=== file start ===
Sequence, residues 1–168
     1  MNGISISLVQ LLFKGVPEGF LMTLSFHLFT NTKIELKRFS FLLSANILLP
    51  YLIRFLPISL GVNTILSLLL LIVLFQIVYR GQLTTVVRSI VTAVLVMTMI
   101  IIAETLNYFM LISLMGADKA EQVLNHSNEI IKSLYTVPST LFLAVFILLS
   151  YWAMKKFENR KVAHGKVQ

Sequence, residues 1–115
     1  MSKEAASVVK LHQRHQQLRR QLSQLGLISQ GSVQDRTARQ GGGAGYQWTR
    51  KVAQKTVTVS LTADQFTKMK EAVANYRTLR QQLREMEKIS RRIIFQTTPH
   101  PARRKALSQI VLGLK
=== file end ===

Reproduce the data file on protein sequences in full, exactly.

Sequence, residues 1–168
     1  MNGISISLVQ LLFKGVPEGF LMTLSFHLFT NTKIELKRFS FLLSANILLP
    51  YLIRFLPISL GVNTILSLLL LIVLFQIVYR GQLTTVVRSI VTAVLVMTMI
   101  IIAETLNYFM LISLMGADKA EQVLNHSNEI IKSLYTVPST LFLAVFILLS
   151  YWAMKKFENR KVAHGKVQ

Sequence, residues 1–115
     1  MSKEAASVVK LHQRHQQLRR QLSQLGLISQ GSVQDRTARQ GGGAGYQWTR
    51  KVAQKTVTVS LTADQFTKMK EAVANYRTLR QQLREMEKIS RRIIFQTTPH
   101  PARRKALSQI VLGLK